Last week over 80 bodies, mostly decomposed skeletons and half-burned corpses, surfaced in the river in Uttar Pradesh after a drop in water levels.
The National Green Tribunal, a court set up to deal with environment grievances, ordered the water resources and environment ministries to explain who should be held responsible for the pollution in the Ganges. The lawyer representing the group said the government must reply by Jan 27.
The Ganges river originates in the Himalayas and spills out into the Bay of Bengal. It is a means of livelihood for over 400 million people, as well as being Hinduism’s holiest river.
Authorities say the corpses in the river are the deceased from poor families who cannot afford firewood for cremation and are forced to immerse the half-burned bodies of their loved ones in the river. Unmarried women and children are often buried in shallow graves along the riverbanks, and their remains are washed into the river when water levels rise.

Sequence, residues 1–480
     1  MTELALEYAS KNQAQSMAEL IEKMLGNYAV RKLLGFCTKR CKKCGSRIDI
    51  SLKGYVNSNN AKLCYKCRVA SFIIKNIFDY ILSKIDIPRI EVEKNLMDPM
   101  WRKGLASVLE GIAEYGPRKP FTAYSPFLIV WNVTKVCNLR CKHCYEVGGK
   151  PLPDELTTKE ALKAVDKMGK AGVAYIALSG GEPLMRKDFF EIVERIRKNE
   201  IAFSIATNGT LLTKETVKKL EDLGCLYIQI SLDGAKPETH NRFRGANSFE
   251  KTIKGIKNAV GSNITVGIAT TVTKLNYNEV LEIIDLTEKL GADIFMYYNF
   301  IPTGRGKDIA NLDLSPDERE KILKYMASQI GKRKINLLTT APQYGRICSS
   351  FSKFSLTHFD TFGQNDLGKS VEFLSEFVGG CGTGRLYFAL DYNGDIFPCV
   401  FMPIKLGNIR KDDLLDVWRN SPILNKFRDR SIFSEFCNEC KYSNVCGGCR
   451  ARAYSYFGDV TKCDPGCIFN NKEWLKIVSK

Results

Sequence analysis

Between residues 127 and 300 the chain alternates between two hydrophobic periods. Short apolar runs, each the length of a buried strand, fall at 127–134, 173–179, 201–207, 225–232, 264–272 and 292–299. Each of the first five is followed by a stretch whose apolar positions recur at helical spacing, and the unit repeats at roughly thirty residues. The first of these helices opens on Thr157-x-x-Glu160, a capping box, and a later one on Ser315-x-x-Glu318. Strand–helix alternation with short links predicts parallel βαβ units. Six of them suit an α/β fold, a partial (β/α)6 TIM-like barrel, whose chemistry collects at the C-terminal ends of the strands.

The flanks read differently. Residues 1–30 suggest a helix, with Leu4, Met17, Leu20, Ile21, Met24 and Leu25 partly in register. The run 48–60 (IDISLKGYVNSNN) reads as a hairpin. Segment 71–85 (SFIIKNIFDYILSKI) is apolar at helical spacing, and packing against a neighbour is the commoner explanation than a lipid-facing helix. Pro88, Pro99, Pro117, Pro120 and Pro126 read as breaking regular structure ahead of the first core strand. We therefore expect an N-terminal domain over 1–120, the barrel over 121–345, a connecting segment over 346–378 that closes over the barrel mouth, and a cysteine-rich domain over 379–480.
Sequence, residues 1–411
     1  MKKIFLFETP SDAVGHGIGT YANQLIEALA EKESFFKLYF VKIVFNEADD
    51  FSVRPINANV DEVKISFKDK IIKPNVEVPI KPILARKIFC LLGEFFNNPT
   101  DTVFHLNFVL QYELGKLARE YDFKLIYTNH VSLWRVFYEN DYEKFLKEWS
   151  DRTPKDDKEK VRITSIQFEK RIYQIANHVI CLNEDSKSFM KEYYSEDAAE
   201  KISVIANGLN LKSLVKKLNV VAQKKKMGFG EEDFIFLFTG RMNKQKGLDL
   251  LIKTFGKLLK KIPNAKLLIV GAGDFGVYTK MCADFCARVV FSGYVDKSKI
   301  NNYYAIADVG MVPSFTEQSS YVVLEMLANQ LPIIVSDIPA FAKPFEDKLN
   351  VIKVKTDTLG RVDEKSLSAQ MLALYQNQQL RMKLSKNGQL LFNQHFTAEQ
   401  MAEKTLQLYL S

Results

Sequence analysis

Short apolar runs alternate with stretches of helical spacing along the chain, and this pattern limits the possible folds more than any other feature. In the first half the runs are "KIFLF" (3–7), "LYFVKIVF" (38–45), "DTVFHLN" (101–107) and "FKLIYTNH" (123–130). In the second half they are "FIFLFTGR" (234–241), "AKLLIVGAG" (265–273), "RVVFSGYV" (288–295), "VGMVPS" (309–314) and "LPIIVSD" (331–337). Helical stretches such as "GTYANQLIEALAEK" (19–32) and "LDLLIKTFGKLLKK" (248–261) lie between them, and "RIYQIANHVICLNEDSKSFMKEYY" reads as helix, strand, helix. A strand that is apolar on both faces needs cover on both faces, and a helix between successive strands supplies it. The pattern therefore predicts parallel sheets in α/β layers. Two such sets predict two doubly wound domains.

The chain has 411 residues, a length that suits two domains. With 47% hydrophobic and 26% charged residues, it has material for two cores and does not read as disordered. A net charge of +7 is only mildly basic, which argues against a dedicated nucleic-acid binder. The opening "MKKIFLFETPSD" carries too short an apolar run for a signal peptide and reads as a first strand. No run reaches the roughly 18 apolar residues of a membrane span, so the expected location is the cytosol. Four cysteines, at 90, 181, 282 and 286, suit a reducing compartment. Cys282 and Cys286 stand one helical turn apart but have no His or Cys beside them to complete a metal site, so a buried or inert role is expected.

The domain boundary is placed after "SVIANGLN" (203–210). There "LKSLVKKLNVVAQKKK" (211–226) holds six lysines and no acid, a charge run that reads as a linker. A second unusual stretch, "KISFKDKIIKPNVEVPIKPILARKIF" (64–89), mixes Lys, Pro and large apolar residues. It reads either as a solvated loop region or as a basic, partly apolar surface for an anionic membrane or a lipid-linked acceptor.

PM Narendra Modi, who represents a constituency in Varanasi has pledged to clean up the river as part of a broader push to harness scarce water resources, and improve public health.